what is superfine will pay either freight or charges, and no thea
must be loaden among pepper, nor Tutanague pots, nor in pots
scented with camphor. But we had rather have no Thea at all
Company's account."
sent for the Yet increasing quantities
were continued to be sent from Madras and Surat, because the
i *
Letter Bk,, VII, p. 425. Letter Bk., IX, pp. 112-13.
total amount from 1685 to 1700 inclusive being 266,601 Ibs.,
with an average of 16,662 Ibs. per annum, stands in marked
contrast to the preceding period. In fact, at the end of the
century, the imports of tea had become fairly considerable.
The orders to the China factors for the provision of tea will
give an adequate idea of the importance and growth of its

trade in the following years :

Year. 1
. . .
Ordinary Tea.
300 tubs
2 tubs
1700 . . . 100-150 50-60

These orders were from the Old Company. The investment

had to be cut down on account of the severe competition from
other adventurers. The actual quantity imported in the single
year of 1700 far exceeds the sum total of tea brought into
England in the previous nine years. The excessive importa-
tions of competing merchants had very much popularised the
tea-drink. In 1704 we are informed that tea was a commodity
of general use and a very considerable article in the profits and
loss of the Company's investments. 2 The goods ordered for

England from Canton in that year were to occupy 285 tons

of shipping, but 117 tons out of these consisted of tea alone.
In the next two years 200 tons were to be provided, and
the quantity ordered so rapidly increased that in the
years of 1710-12 no less than 450 tons were invoiced by the
It is clear that tea, though very dear, had established itself
as an article of drink and made a somewhat startling progress
in the first decade of the eighteenth century. Altogether
786,326 Ibs., or on the average five times as much as in the
previous sixteen years, were imported into the country in the
first ten years of the eighteenth century.

The average prices of tea at the Company's sales varied

from 11s. 6d. to 12s. 4d. in the years 1678-86, but in spite of
far higher duties stood at 11s. lid. perlb. in 1708-10. As the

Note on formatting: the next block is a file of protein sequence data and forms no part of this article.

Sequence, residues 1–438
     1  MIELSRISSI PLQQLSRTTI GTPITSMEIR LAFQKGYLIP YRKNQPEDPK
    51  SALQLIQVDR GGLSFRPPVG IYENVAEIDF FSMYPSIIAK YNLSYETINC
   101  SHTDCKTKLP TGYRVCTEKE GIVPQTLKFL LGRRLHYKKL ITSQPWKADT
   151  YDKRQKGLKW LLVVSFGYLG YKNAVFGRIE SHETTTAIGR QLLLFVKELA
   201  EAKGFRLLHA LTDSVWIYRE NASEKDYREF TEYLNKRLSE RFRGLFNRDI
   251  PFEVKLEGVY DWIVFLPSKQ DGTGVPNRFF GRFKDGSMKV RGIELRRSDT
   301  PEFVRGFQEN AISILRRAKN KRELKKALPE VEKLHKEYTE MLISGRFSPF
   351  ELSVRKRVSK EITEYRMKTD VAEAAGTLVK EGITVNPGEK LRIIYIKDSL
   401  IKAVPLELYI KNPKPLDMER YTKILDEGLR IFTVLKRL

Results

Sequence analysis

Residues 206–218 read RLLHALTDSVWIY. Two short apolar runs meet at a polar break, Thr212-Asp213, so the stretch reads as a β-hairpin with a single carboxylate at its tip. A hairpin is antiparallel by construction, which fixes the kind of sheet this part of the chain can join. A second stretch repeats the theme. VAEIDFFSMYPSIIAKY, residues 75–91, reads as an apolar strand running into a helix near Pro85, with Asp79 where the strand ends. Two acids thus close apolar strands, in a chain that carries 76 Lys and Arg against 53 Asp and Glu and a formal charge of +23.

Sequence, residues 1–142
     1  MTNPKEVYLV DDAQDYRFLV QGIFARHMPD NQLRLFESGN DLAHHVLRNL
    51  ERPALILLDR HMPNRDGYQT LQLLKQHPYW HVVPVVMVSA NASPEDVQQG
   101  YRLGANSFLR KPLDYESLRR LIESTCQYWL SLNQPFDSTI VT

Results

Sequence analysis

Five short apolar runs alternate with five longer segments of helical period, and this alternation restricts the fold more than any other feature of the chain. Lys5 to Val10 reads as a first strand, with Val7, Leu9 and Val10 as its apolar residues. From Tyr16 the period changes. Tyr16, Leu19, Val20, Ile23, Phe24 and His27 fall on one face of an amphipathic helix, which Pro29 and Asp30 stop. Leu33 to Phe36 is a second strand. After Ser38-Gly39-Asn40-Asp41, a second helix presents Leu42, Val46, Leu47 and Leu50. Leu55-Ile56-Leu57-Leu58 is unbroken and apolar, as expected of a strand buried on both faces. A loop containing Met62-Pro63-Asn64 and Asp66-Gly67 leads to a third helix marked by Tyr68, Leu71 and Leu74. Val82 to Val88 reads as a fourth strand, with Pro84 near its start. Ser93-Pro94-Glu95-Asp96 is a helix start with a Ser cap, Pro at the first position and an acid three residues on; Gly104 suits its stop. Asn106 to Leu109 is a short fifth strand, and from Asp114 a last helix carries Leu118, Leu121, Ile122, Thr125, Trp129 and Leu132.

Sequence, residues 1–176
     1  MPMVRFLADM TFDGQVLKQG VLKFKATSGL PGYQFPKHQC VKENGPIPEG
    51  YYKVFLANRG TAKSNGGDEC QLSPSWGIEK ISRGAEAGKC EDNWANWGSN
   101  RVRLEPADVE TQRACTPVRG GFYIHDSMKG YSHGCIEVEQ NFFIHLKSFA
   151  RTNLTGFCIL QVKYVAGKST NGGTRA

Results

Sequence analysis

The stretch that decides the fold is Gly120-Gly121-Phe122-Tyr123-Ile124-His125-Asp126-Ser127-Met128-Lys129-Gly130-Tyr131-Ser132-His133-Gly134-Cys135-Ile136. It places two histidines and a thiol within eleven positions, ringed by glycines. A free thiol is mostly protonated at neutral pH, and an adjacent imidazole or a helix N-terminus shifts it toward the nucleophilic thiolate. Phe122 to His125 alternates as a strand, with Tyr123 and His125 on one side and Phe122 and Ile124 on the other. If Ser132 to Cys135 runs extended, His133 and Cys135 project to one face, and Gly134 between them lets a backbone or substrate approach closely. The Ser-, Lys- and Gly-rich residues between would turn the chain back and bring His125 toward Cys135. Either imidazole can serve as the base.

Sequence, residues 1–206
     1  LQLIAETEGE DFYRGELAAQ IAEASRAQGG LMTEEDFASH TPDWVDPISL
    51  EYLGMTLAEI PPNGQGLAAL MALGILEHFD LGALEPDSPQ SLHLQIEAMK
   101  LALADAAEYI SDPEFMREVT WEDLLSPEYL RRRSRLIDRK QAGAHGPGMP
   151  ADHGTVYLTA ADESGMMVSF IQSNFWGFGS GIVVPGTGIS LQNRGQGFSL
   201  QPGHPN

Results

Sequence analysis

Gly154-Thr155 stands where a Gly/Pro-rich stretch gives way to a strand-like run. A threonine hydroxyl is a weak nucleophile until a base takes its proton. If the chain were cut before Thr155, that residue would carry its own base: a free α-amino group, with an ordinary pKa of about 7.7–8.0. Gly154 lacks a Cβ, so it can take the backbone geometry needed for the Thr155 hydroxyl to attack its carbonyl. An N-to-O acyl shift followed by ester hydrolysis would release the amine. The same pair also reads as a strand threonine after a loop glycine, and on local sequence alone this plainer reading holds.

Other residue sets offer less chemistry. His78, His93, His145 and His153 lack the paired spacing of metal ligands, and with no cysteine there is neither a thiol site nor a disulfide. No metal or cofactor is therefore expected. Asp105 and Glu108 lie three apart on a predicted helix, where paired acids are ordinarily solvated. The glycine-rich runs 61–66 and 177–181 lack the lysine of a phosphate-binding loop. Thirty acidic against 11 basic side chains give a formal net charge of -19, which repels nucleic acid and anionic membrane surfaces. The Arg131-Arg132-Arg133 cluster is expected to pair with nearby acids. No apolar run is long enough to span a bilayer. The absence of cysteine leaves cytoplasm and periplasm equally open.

i a
Letter Bk., X, pp. 126, 212, 355. Letter Bk., XII, p. 326.
Letter Bk., XIV, pp. 30, 341.
See Appendix on the imports of tea, p. 302,

Singlo tea was to be procured at Is. per Ib. and the Imperial
as well as Bohea at 2s., the Company, after making allowance
for all kinds of charges and duties, must have made enormous
profits in this growing branch of their trade.
The Rise of the Coffee Trade. Although the use of coffee
as a drink precedes that of tea in England, yet the former
never gained that popularity which its rival was destined to
attain in a short period. In fact, its progress, which was very
rapid in the 'eighties, was soon retarded by the introduction of
tea and the impositions of excessive duties. The quantities
ordered and the prices at which coffee was sold by the Company
during the first six years will adequately picture the early

genesis of its trade :

vt. Reference.
d. L. Bk., II, pp. 2, 25.

August C. Bk.,'24, p. 279.

October p. 303.
p. 467.
p. 517.
per stone p. 519.
p. 832.

With the expansion of the Eastern import trade the invest-

ments of coffee grew to large proportions as under :

Amounts of Coffee Ordered.

1669 200 bales.
1670-71 300 per year.
1672-75 200
1676-77 300
1678-79 400
1680-81 600
1682 1200

The climax in the coffee investments was reached here when

the quantities ordered from India had increased from 200 bales
or 50 tons in 1669 to 1200 bales or 300 tons in 1682. Never
after up to 1710, save in the year 1704, was so large a quantity
ordered by the Company or imported into England.
The profits in this branch seem to be fairly considerable
about this period. The prices of coffee as given in the Surat
invoices, or the advices of the Court, usually hover between
Rs.10 and Rs.ll per maund, or 4 to 5 per cwt., while in
England they range between 8-9 per cwfc., so that the gross
profit made by the Company would amount to 80-90 per cent
on this investment. 1
The decrease in the Company's exports of bullion and goods
curtailed their investments all round, so the orders for coffee,

though fairly large, show no progress. The following amounts

traceable in the Letter Books tell their own story :

1683 800 bales. 1688 600 balea.

1684 500 1693 100 tons.
1687 500 1694 100

In the three years of 1698-1700 3477 cwts., and in the seven

years from 1701 to 1708, there being no returns for 1705,
1*5,294 cwts. in all were directly imported into the country
from India.
The whole course of trade can now be presented in total

quantities and annual averages thus :

1660-65 75 cwts. in all, or 12 1 cwts. annual Sale.

1669-84 6700 bales 1884 Order.
1686-88 1600 2400
1693-94 200 tons 1800
1698-1700 3477 cwts. 1159 Import.
1701-8 15,294 2159

Withoiit taking account of the quantities imported from

Turkey and Holland and fixing our attention on the direct
trade between England and the Indies, we find that the coffee
trade was very fitful after 1684, its course being made
erratic to some extent by the imposition and withdrawal of
excessive duties. Although the above orders can in no case be
taken to represent the quantities actually imported into the
Cf. Letter Bk., VIII, p. 554.
a Actual imports of coffee compiled from the books of the Custom
House (see p 307
infra) :

1698 4J cwts. 1703 1278J cwts.

1699 2181J 1704 5499J
1700 1292 1706 31
1701 3473J 1707 349J
1702 2619J 1708 2044

country, yet they are a sure index to the growing and large
demand for coffee up to 1688 and its dull market afterwards
due to the levy of an additional duty of 5 12s. per cwt. The
development in the quantities imported is not at all
significant when it is compared to the amazing progress
made by tea during the same period in spite of discouraging
The Boom and Slump in the Indigo Trade. It was pointed